- [Zoöl] A pigeon of the genus Columba and various related genera. The species are numerous.
- A word of endearment for one regarded as pure and gentle."O my dove, . . . let me hear thy voice." [Cant. ii. 14.]
- a person advocating peace, compromise or conciliation rather than war or conflict. Opposite of hawk.
Note: ☞ The domestic dove, including the varieties called fantails tumblers carrier pigeons, etc., was derived from the rock pigeon Columba livia) of Europe and Asia; the turtledove of Europe, celebrated for its sweet, plaintive note, is Columba turtur or Turtur vulgaris; the ringdove, the largest of European species, is Columba palumbus; the Carolina dove, or Mourning dove, is Zenaidura macroura; the sea dove is the little auk (Mergulus alle or Alle alle). See Turtledove Ground dove, and Rock pigeon. The dove is a symbol of peace, innocence, gentleness, and affection; also, in art and in the Scriptures, the typical symbol of the Holy Ghost.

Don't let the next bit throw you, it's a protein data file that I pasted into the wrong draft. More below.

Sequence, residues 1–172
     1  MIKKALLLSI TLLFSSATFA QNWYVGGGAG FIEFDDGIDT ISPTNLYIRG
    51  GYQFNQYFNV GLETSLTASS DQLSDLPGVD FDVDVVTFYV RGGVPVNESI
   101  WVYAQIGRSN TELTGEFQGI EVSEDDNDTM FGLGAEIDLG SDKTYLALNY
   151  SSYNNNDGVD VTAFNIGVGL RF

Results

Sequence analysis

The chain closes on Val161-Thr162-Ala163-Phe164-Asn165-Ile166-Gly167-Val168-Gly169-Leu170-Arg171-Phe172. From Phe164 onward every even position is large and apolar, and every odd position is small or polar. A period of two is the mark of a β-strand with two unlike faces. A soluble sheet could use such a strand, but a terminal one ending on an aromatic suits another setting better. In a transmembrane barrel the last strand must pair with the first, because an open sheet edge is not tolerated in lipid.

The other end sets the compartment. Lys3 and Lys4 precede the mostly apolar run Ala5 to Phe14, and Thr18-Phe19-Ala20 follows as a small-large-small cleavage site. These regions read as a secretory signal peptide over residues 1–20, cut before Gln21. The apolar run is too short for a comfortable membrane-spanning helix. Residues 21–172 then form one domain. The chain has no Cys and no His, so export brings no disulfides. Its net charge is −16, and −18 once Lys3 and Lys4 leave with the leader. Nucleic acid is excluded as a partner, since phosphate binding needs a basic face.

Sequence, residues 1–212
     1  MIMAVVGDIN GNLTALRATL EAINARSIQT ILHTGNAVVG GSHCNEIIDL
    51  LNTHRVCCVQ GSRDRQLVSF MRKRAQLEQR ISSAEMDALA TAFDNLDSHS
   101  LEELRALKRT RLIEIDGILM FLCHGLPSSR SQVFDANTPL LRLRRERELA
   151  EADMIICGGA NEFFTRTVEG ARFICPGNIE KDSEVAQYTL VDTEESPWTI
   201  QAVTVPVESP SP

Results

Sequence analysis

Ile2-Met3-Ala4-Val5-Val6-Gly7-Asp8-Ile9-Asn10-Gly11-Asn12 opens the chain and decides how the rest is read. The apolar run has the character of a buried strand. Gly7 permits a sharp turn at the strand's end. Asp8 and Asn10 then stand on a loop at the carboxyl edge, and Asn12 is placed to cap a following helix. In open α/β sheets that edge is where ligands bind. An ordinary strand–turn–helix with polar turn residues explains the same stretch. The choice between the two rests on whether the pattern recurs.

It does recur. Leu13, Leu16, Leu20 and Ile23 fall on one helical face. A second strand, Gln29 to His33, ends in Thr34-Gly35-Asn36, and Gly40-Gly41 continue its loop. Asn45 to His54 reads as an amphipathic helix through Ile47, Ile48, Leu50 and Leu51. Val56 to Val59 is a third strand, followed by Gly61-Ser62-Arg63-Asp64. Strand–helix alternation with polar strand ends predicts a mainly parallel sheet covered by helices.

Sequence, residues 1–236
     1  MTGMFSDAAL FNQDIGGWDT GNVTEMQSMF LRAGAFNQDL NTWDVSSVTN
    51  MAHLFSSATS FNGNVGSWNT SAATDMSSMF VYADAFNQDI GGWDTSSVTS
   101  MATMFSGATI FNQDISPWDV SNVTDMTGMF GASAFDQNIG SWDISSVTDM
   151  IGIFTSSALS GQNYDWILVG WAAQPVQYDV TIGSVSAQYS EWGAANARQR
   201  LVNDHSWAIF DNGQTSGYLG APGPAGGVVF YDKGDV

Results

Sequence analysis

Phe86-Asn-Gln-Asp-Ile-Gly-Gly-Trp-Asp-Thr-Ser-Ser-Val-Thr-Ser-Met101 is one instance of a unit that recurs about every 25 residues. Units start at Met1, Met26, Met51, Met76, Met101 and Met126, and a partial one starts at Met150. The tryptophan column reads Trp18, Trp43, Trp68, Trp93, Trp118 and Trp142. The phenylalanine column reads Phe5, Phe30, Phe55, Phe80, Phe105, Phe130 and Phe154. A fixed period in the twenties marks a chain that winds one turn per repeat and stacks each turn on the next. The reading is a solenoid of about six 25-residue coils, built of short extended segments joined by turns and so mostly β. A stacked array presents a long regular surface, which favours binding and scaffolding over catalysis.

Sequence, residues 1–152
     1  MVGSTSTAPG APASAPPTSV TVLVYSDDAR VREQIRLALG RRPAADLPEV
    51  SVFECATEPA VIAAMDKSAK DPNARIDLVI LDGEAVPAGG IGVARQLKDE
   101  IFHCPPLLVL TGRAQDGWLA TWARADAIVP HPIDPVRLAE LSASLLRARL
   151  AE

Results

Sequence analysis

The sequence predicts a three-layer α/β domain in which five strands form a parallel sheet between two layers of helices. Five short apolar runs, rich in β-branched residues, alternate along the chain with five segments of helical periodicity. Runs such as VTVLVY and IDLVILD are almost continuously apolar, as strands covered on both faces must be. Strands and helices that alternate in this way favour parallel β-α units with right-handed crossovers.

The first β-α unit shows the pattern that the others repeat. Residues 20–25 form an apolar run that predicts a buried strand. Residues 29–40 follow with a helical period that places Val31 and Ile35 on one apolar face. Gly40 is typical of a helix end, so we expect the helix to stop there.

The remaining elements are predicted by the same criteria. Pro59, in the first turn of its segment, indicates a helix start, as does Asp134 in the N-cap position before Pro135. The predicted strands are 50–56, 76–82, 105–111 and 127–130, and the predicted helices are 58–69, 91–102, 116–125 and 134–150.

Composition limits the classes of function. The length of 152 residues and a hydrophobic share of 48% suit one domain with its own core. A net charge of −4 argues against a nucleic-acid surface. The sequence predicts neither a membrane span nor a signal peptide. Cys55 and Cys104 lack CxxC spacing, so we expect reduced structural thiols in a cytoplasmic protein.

Etymology: OE. dove duve douve, AS. dūfe; akin to OS. dūba, D. duif, OHG. tūba, G. taube, Icel. dūfa, Sw. dufva, Dan. due, Goth. dūbō; perh. from the root of E. dive